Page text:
Eskom CEO André de Ruyter
Photo by: Creamer Media
State-owned utility Eskom CEO André de Ruyter wants Mpumalanga to be the focal point for investment in renewable energy generation capacity to leverage the province’s well-established transmission grid and to mitigate the potential for mass unemployment in the province as coal-fired power stations are systematically decommissioned over the next decade.
While it has been well-established that the best naturally-occurring wind and solar resources in South Africa are located in the Northern Cape province, the region is poorly served by the existing transmission grid.
Speaking during the virtual launch of a new documentary entitled “Voices from under a dark cloud – towards a just transition in the coalfields of South Africa” on June 21, De Ruyter said Eskom would have to expand the transmission grid in the Northern Cape by building 101 new substations and about 1 000 km of new transmission grid over the next decade if the province were to be the focal point for renewable energy investment.
This would require a significant amount of capital, as well as time – both of which Eskom does not have.
He said there was an urgent need to enable renewable energy projects access to the grid far sooner.
He noted that there was a remarkable confluence of circumstances in Mpumalanga – regarded as the energy hub of South Africa – that amounted to a convincing business case for focussing renewable energy investment on the province.
“We have an opportunity to leverage our existing transmission grid. As we shut down coal-fired power stations, we can increasingly use the grid capacity that is made available by providing access to renewable energy investments in the province. The existing grid is a great enabler of the just energy transition,” De Ruyter explained.
In addition to the ability to leverage the existing transmission infrastructure in the province, De Ruyter said that, contrary to popular belief, Mpumalanga had substantial renewable energy resources.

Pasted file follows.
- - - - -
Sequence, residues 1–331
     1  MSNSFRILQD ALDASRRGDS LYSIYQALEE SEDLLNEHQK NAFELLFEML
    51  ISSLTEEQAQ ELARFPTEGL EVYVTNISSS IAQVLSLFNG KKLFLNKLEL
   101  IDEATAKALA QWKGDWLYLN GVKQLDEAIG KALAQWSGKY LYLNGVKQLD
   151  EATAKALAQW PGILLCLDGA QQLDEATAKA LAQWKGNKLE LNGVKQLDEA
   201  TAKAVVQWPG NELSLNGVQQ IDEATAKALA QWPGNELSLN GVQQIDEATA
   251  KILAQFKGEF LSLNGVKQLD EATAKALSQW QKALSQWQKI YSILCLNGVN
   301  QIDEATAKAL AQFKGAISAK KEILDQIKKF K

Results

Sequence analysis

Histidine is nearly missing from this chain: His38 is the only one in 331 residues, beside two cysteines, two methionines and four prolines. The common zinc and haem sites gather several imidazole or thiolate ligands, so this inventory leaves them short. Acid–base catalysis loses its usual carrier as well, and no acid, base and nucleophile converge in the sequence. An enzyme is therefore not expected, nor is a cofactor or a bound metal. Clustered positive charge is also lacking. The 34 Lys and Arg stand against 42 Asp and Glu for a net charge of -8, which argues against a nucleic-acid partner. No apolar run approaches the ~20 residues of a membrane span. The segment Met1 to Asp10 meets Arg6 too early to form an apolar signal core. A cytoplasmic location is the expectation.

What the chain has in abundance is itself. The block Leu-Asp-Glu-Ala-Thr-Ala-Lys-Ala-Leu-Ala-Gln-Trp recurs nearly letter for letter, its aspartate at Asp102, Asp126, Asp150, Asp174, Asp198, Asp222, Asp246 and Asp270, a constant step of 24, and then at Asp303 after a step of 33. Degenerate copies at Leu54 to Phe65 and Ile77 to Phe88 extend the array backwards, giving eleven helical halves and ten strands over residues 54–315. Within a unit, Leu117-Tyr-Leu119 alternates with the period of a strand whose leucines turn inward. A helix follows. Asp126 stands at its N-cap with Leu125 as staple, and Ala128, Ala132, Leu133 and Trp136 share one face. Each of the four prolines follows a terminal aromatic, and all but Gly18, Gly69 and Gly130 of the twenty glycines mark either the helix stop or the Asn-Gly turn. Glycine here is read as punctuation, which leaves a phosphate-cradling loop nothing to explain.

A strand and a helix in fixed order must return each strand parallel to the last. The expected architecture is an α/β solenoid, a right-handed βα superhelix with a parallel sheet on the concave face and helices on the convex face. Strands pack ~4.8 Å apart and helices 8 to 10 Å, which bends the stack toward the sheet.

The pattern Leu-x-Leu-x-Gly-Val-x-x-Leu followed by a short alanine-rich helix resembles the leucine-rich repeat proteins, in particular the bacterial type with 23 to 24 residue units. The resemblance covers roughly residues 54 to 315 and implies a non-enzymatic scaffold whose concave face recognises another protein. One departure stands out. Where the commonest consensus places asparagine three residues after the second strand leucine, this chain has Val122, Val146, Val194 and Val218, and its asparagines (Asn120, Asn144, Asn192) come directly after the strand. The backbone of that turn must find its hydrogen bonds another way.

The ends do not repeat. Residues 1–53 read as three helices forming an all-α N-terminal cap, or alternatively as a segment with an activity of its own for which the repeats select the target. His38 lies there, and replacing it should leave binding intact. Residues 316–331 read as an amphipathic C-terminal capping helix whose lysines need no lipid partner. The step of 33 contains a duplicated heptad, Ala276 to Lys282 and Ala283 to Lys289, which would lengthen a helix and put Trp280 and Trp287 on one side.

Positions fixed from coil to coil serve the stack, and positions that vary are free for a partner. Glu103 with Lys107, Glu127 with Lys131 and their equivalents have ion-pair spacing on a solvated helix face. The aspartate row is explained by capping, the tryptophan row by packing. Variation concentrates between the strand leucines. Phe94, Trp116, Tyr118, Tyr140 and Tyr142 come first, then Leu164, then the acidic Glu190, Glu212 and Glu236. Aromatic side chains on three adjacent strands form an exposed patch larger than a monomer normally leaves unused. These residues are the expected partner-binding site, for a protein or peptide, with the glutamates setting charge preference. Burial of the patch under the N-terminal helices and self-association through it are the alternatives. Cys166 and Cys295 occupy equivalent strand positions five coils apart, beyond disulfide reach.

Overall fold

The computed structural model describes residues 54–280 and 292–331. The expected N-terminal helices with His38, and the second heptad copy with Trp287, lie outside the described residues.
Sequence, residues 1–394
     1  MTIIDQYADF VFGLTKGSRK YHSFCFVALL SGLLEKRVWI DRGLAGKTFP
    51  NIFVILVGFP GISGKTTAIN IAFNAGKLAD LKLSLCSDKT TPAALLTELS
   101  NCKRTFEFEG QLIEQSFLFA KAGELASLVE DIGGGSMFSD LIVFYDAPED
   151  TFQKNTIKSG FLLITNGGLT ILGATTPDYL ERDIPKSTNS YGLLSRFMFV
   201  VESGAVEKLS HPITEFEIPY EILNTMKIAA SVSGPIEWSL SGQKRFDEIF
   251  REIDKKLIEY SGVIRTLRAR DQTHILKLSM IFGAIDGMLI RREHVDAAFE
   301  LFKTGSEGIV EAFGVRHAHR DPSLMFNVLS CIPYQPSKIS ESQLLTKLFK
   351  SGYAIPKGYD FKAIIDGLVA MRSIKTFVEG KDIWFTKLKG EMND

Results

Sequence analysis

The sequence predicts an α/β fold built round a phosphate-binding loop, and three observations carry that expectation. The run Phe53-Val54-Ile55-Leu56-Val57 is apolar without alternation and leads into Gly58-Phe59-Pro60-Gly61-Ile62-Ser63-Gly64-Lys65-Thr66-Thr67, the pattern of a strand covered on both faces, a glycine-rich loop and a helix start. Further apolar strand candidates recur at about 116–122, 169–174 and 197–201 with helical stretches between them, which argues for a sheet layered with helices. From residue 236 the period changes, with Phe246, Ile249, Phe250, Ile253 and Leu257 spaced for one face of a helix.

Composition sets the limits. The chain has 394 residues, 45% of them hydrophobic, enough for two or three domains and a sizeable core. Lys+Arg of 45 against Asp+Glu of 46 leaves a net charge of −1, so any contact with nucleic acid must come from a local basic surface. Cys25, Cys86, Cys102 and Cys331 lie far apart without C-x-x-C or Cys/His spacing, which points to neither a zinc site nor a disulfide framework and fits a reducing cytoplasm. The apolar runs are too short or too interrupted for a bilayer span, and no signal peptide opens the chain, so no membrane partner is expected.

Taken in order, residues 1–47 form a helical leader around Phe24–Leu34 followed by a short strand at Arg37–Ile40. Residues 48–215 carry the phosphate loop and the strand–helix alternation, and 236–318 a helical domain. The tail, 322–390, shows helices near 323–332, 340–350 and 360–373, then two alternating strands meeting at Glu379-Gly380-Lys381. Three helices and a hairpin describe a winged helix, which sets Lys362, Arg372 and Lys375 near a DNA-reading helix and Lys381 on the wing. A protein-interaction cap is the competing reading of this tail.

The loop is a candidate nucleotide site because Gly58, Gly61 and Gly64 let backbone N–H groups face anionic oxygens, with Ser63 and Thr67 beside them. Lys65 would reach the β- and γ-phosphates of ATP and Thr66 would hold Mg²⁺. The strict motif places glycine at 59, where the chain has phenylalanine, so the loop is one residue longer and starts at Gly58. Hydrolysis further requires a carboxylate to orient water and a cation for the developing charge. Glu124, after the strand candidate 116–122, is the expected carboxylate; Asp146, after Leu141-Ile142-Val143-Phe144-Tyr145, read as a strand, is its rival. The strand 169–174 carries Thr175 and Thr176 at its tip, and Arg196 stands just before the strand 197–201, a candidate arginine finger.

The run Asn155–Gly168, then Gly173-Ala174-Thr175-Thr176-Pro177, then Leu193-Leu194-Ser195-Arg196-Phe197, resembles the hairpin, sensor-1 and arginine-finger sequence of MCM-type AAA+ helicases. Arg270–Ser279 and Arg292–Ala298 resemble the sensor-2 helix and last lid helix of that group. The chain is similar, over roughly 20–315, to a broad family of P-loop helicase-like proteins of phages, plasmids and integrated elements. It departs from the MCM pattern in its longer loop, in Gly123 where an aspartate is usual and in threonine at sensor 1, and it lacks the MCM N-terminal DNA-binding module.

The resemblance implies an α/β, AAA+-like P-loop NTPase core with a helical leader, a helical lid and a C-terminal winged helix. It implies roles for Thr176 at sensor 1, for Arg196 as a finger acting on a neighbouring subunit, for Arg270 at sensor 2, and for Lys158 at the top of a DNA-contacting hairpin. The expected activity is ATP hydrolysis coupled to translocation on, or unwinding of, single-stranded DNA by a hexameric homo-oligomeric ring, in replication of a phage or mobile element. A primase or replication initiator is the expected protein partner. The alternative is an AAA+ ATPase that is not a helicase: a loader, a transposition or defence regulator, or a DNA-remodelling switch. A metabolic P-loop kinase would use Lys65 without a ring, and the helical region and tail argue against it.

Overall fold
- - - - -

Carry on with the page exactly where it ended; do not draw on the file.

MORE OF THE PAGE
“For a long time, the conventional wisdom was that Mpumalanga doesn't have sunshine and doesn't have wind. Consequently, there has been a lot of pressure from the independent power producer industry to expand the transmission grid to the Northern Cape, which we will still do.
“However, given the time pressure to accelerate the introduction of grid access, Mpumalanga is a natural candidate to do exactly that,” he said.
De Ruyter explained that recent studies have indicated that Mpumalanga has significant wind resources, with new data confirming this.
As a result, Eskom was looking into the possibility of building a 70 MW wind farm near the Komati power station, which will be the first of Eskom’s coal-fired power stations to shut down permanently in September.
Moreover, De Ruyter said the solar resources in Mpumalanga were some of the best globally. While the solar resources in Mpumalanga were not as abundant as those in the Northern Cape, he said they were certainly far better than what was available in Europe.
He noted that Eskom wanted to attract and drive investment into new renewable generation capacity towards Mpumalanga because it is where the biggest negative impact will occur as a consequence of the energy transition.
The province had an abundance of skilled people that could be redeployed into renewable energy jobs, thereby ensuring a more just transition.
“They typically have experience of working in industry – either in mining or manufacturing – and there is a significant human capital base that is accessible and available to be employed,” De Ruyter said.
He referred to recent studies done by the World Bank that indicated that between 160 000 and 300 000 net new jobs – after compensating for losses in the coal sector – would be created by the just energy transition.
“This is certainly a very necessary and a very positive finding, given that Mpumalanga is the province with the highest youth unemployment rate,” he noted.
De Ruyter said that while Eskom was committed to driving the just energy transition through a process of empowering and repurposing its existing infrastructure, it was also enabling the private sector to step up its investment into Mpumalanga by making Eskom-owned land available on a rental basis.
This would make it possible for private investors to access the grid using Eskom land over a 20- or 30-year lease period.
De Ruyter’s comments complement the new documentary, which was commissioned by a consortium comprising research organisation Trade & Industrial Policy Strategies, the National Labour and Economic Development Institute, environmental organisation groundWork and independent urban energy and climate change practioner Peta Wolpe.
The documentary was directed by documentary film maker Joelle Chesselet and is available to view on YouTube at: https://www.youtube.com/watch?v=rRQkI-SEVho.